A recent study conducted by Duke University found that in Pennsylvania there are connections from deep underground to the surface. These connections allow brine, a salty fluid, to migrate up and contaminate drinking water supplies.
The study raises implications in regards to the environmental effects of hydraulic fracturing, also known as fracking. Fracking involves the practice of drilling deep into the ground and then injection enormous amounts of water mixed with sand and chemicals to break apart the shale and release natural gas. Duke researchers also released a study last year that showed methane gas was far more likely to leak into water supplies in places near fracking.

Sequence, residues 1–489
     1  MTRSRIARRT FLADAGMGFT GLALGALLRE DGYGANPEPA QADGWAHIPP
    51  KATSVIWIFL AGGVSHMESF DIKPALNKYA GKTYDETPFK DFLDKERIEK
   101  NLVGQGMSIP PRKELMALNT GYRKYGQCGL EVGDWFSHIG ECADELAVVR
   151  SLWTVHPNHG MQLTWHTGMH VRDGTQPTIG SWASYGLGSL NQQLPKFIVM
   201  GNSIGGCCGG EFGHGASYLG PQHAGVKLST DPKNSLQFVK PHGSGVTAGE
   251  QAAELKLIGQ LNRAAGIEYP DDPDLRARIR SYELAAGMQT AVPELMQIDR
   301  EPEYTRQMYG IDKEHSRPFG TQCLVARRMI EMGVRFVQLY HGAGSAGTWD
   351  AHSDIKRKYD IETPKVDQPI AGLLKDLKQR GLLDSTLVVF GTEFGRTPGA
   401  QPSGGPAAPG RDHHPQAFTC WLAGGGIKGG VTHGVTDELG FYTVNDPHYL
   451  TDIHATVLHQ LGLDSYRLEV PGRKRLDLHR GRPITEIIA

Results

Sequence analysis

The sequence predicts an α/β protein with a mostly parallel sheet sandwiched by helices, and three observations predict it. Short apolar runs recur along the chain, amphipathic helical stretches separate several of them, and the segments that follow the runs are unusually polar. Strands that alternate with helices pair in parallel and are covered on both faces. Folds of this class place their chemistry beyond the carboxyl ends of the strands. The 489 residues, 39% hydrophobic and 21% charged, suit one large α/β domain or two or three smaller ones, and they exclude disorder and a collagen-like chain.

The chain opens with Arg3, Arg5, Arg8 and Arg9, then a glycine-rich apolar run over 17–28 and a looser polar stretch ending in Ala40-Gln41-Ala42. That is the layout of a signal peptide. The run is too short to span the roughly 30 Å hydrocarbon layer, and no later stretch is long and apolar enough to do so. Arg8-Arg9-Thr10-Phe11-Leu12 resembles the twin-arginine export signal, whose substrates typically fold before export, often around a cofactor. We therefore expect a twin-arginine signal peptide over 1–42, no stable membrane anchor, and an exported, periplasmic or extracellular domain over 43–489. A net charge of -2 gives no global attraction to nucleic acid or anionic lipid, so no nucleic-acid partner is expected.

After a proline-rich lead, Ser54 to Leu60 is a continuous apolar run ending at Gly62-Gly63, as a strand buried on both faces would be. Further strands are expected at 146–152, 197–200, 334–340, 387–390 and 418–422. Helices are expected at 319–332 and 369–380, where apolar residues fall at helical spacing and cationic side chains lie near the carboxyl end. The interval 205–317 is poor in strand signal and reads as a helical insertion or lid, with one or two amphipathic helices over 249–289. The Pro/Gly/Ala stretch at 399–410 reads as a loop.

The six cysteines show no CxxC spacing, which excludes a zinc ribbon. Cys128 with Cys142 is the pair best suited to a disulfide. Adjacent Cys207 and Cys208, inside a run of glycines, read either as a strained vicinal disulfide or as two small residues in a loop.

A common fear in Pennsylvania is that the widespread use of fracking at over 11,000 wells above the Marcellus gas field is polluting the drinking water. The findings are significant since members of the hydraulic fracturing industry claim that deeply buried layers of rock prevent the dangerous chemicals used when drilling from reaching the surface.
Duke’s water sampling and subsequent analysis were limited in scope as researchers did not sample for all know chemicals used in drilling and fracking fluids. Duke’s results did show that the subject water supplies were impacted with, in some cases, high concentrations of naturally occurring contaminants. This raises concerns that these water supplies may be at a higher risk of contamination from fracking due to the underlying geology, and drilling operations, which allowed the naturally occurring contaminants to migrate into ground water.